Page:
Morocco in recent months has started to link the opening of an embassy in Tel Aviv to formal recognition by the Israeli government of its sovereignty in Western Sahara, four current and former Israeli officials directly involved in the issue told Barak Ravid of Axios on Wednesday.
Then-US President Donald Trump agreed to recognize Morocco’s sovereignty over the Western Sahara as part of the 2020 deal in which Morocco became the fourth Arab country to normalize ties with Israel.
The United States later adopted a new official map of Morocco that includes Western Sahara.
Morocco opened diplomatic liaison offices in Israel in lieu of embassies, but in January 2021, King Mohammed VI told Netanyahu in a call that he was committed to opening embassies as part of the next phase of the process.
According to the Axios report, during a visit to Morocco last June, then-Interior Minister Ayelet Shaked told local media that Israel recognizes Moroccan sovereignty over Western Sahara.
The Israeli Foreign Ministry quickly walked back Shaked’s statement, saying “Morocco’s autonomy plan for Western Sahara is a positive development."
Several weeks later, according to Axios, then-Justice Minister Gideon Sa’ar visited Morocco and said publicly that Western Sahara is part of Morocco. But the Foreign Ministry once again distanced itself from the statement and reiterated its more nuanced position.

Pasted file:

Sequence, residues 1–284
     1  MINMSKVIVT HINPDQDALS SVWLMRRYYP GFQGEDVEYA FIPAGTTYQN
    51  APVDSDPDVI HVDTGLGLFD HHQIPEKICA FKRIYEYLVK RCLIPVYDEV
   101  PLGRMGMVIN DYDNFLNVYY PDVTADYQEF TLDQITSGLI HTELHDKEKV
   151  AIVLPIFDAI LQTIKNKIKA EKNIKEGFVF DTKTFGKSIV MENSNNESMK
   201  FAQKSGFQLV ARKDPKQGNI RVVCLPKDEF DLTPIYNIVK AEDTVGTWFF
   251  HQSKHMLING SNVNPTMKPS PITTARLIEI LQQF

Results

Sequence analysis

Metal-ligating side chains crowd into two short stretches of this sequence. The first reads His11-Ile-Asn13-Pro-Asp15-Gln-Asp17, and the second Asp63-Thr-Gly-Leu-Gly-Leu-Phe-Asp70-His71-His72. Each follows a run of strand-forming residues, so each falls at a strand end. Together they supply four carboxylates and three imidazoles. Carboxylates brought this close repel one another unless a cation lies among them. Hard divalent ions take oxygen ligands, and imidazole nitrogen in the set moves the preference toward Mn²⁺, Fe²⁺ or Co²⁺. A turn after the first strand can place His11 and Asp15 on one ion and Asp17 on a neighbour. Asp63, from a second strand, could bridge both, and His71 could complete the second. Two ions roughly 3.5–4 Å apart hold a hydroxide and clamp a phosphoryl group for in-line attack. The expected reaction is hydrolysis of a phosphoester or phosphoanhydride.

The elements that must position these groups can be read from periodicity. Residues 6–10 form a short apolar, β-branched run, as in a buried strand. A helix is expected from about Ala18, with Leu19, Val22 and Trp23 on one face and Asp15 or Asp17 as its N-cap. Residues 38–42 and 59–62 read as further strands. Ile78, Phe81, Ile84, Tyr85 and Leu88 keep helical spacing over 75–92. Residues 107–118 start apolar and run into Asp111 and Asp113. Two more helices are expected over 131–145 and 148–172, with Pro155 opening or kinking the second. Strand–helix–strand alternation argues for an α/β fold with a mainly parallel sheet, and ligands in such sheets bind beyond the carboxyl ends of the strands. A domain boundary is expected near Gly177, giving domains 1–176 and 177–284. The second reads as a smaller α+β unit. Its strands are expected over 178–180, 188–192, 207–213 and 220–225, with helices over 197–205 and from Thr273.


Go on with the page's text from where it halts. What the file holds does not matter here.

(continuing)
Four current and former Israeli officials told Ravid that in recent months, Moroccan officials have demanded formal Israeli recognition of Western Sahara every time Israeli officials raised the issue of the liaison office upgrade.
So far, the Israeli government has decided not to engage on this issue, the Israeli officials said.
The Foreign Ministry believes the Moroccans are using the recognition issue as a pretext to not open a full embassy in Tel Aviv because of criticism back home, per the Israeli officials.
The Moroccan Foreign Ministry and the Moroccan liaison office in Tel Aviv did respond to a request for comment.